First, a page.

Film Works at the Department of Energy
The James Forrestal building in Washington, D.C., houses the governing authority on energy efficiency, the U.S. Department of Energy (DOE). As an organization that researches and determines energy conservation practices, the DOE needs a facility that is as energy efficient as possible. Additionally, as a government agency, building safety is a constant concern and top priority, and the highest measures of protection are required for the agency’s employees.
To both improve the energy efficiency and overall safety, the DOE was faced with two choices — either install a safety and solar window film on the existing windows, or replace the existing windows with laminated panes of glass.
Major obstacles stood in the way of installing new windows. First, the cost was estimated as being three to four times higher than the cost of the window film. Also, the dimensions of the laminated glass windows were not equal to the existing window frame dimensions; thus, if the new windows were installed, an architect would need to be consulted and new designs for each installation space would have to be developed. And finally, the installation of window film would help the DOE achieve its desired results more quickly, requiring only a matter of weeks for the completion of window film installation, rather than months for the replacement of its windows.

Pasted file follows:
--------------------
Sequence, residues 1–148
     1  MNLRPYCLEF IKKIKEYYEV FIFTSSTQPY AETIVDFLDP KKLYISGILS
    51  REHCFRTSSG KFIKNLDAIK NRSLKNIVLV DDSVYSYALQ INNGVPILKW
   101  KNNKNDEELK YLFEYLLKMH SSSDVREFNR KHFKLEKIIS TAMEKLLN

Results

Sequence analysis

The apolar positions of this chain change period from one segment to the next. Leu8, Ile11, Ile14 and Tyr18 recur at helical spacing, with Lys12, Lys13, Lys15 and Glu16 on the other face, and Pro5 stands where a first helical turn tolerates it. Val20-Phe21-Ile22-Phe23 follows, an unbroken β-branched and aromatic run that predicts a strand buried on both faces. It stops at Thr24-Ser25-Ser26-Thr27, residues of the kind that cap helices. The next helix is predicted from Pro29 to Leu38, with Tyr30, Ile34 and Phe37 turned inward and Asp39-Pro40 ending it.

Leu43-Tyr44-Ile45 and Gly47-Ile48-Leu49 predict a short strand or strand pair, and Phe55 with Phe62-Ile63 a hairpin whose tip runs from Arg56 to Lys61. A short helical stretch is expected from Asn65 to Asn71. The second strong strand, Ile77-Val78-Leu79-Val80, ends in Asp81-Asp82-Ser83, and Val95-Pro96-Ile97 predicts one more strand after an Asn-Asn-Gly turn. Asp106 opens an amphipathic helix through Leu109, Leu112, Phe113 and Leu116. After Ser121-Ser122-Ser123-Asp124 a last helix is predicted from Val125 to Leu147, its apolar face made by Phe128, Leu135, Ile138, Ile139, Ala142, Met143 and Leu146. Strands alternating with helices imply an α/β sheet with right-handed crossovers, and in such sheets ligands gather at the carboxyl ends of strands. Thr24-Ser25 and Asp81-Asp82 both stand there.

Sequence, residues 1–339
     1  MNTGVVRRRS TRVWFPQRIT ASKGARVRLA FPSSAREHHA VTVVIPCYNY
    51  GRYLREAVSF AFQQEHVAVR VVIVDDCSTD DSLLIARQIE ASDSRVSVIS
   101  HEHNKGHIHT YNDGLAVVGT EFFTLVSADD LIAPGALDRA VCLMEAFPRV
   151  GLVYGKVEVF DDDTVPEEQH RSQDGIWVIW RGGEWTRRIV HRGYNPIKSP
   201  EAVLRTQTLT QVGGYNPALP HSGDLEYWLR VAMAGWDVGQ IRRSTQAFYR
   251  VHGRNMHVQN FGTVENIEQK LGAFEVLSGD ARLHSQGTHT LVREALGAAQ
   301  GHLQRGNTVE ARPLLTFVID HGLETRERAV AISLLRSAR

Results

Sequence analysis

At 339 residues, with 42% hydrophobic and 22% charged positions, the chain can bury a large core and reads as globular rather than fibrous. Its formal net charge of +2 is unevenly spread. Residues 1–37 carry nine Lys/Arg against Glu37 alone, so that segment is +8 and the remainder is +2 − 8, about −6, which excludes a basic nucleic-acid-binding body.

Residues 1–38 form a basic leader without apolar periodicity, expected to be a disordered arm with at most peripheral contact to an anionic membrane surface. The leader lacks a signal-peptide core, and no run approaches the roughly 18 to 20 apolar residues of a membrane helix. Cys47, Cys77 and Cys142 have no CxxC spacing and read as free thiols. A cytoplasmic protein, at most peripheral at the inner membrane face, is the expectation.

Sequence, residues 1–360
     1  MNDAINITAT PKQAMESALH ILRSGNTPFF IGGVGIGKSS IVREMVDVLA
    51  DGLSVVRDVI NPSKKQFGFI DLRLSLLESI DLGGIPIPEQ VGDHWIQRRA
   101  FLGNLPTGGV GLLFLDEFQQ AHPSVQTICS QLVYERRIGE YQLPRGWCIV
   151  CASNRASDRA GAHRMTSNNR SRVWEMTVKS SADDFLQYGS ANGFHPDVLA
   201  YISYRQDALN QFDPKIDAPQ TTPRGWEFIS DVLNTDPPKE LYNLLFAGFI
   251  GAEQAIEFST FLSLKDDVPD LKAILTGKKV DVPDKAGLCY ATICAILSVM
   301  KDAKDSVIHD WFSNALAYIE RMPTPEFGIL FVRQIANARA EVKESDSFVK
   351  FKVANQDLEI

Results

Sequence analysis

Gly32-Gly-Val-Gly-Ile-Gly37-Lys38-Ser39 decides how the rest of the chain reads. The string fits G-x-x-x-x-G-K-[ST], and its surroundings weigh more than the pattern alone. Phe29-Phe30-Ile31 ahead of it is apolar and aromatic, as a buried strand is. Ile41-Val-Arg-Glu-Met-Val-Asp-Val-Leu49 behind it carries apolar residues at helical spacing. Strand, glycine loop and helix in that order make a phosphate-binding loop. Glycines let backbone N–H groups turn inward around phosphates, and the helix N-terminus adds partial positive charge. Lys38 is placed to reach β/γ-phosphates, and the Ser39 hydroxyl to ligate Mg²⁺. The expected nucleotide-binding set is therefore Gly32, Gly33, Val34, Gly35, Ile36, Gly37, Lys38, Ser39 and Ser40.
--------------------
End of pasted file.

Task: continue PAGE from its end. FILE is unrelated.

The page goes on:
These obstacles made the decision an easy one. The DOE contracted independent safety film dealer Wayne Staley of Mid-Atlantic Commercial Window Shield to install solar safety film to each of the nearly 4,000 panes of glass in the building. Staley used more than 80,000 square feet of Armorcoat 8 mil Stainless Steel 35 for the job.
The solar control properties of the window film prevent 50 percent of total solar energy and 98 percent of ultraviolet light from coming into the building through the windows. The film keeps building temperatures down in hot weather and reduces energy needs. It also insulates the windows, thus reducing energy loss during winter months. The film also offers protection from glass-related injuries, since it would hold broken glass in place during severe weather, a bomb blast or other such events.
Armorcoat films, provided by Bekaert Specialty Films, LLC, Clearwater, Fla., range in thickness from 2-14 mils, providing varying degrees of anti-penetration resistance. Thicker than standard window film, Armorcoat makes glass stronger and more resistant to breakage thanks to strong, optical-quality polyester, high-grade ultraviolet inhibitors, and special laminating and mounting adhesives.
Once installed to the inside the surface of glass, the special mounting adhesive forms a molecular bond, thus strengthening the overall integrity of the pane.